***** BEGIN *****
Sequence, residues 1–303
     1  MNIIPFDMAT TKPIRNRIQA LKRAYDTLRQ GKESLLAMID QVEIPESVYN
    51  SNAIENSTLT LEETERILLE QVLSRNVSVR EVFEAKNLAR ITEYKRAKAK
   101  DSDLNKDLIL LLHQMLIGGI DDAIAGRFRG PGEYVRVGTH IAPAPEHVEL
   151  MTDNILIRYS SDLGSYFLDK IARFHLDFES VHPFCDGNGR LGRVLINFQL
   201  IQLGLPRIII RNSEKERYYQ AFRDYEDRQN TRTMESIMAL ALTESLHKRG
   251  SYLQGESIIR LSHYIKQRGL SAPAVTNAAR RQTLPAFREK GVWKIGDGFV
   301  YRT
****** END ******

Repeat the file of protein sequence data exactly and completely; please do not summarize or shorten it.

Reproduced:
Sequence, residues 1–303
     1  MNIIPFDMAT TKPIRNRIQA LKRAYDTLRQ GKESLLAMID QVEIPESVYN
    51  SNAIENSTLT LEETERILLE QVLSRNVSVR EVFEAKNLAR ITEYKRAKAK
   101  DSDLNKDLIL LLHQMLIGGI DDAIAGRFRG PGEYVRVGTH IAPAPEHVEL
   151  MTDNILIRYS SDLGSYFLDK IARFHLDFES VHPFCDGNGR LGRVLINFQL
   201  IQLGLPRIII RNSEKERYYQ AFRDYEDRQN TRTMESIMAL ALTESLHKRG
   251  SYLQGESIIR LSHYIKQRGL SAPAVTNAAR RQTLPAFREK GVWKIGDGFV
   301  YRT